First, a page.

Recent Media Monitoring Africa analysis shows news coverage of children increased from 6% to 13% between 2016 and 2020. 

While this is a 116.6 % increase, Media Monitoring Isu Eihle Awards judge and mentor Jamaine Krige explained that when children are mentioned in the media, the coverage is often event-based or anecdotal. 

“Instead of pursuing feature stories that really unpack issues, we are reporting on it as it happens when it happens, sporadically, episodically not paying attention to the nuances of reporting on children,” Krige said. 

Often, the media gets it wrong. A recent article published by South African publication Daily Sun reported on an eight-year-old girl from Soshanguve who was allegedly raped by her neighbour with quotes of her experience.

MMA found this to be potentially subjecting the young interviewee to harm because she was made to relive her traumatic experience through an interview.

“Protecting children in this type of story goes beyond concealing their identities. Having children relive their traumatic ordeals has the potential to lengthen their healing process.” read the case statement published by MMA.

When it comes to children’s reporting it is critical to get it right. However, lack of training is a challenge that often leads to children’s voices and stories being neglected.

“Journalists know this but the stakes are incredibly high, so it might be easier when a story presents a challenge to rather not do it,” said Krige. 

Kenyan early child development reporter Thomas Bwire said that the local community could be approached directly when doing a story about children. 

“Do research, ask the neighbours about signs about the incident or report on how children can stay safe or what to do when something like that happens,” he said.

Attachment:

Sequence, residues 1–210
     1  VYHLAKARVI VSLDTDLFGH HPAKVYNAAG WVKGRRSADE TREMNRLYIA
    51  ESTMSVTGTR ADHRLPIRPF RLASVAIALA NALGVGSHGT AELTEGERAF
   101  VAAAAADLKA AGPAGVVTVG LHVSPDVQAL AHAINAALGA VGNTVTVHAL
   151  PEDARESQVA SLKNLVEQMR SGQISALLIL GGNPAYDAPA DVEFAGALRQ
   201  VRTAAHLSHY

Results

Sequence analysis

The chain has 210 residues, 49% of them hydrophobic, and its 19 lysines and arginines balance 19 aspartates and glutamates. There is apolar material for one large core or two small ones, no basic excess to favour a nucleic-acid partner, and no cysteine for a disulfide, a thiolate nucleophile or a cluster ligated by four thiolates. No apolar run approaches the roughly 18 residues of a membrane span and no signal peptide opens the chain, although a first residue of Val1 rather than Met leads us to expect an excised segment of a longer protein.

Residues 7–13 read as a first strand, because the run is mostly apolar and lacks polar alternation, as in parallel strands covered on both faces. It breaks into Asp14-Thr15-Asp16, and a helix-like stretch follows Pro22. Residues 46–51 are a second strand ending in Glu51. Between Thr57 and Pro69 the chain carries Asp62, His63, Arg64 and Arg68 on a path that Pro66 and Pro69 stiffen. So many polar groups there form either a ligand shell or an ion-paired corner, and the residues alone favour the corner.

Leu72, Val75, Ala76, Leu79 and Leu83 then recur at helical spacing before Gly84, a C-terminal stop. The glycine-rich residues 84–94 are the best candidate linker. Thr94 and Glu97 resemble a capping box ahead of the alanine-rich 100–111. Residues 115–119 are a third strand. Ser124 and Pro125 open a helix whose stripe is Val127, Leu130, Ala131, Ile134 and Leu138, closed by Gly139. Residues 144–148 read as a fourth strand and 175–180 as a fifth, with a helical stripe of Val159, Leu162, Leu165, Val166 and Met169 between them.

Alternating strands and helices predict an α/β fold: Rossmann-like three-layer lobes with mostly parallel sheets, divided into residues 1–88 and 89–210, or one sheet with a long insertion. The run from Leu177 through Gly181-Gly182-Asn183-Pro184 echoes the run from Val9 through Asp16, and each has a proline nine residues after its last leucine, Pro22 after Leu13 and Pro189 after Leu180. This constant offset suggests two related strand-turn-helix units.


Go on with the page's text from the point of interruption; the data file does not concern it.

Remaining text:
A handbook on child welfare journalism best practices recommends that good reporting can shed light on the often overlooked and out-of-focus child welfare system.

Harvard University Nieman visiting fellow Mercy Adhiambo said good reporting can lead to crucial conversations. 

“Good reporting can motivate policy changes and give voice to people who are too often excluded from public dialogue,” Adhiambo said.

Through her work, Adhiambo found that children were being failed and reporting has an empowering role to play in how it represents their struggles.

“Most of the time we rarely think about children yet they live with these traumas and then sometimes I wonder what will happen in the future when we are not telling children’s stories of what they experienced,” the Kenyan journalist said.

Bringing children back into the story can make child wellbeing and issues of equity top of mind. 

University of Cape Town (UCT)  Department of Paediatrics and Child Health health worker Dr Chris Scott argued that while children accounted for only 4% of cases and 0.5% of the deaths in the Western Cape in the first wave, thousands more children have been affected by the illness and death of family members. 

“Children’s needs were side-lined, resources were diverted from paediatrics to adult COVID‑19 care, and concerns around infection prompted separation of infants and children from much-needed family support neglected,” Scott said in an article published by UCT News.

This means journalists need to produce more detailed pieces on child struggles and incidents that highlight challenges, systemic and information gaps that contribute to the scourge of injustices endured by children.

Bwire says going out into communities and talking to children is a way to fill information gaps.

“I was walking through my community one morning and I noticed small children playing and crossing the road during traffic times and I asked them how they felt and they said they needed places to play,” he explained.

Writing about the positive

The media can play a critical role in amplifying children’s voices beyond systemic failures and statistical figures. 

“More resources should be put into our newsrooms towards the training of journalists and coverage of children’s stories because most of the time it’s not that journalists do not want to cover these stories but just don’t know how to,” Adhiambo said.

“We need to do more. When you go through your newspaper today you rarely see stories on children and if there is, it’s just stories about disasters,” Adhiambo said.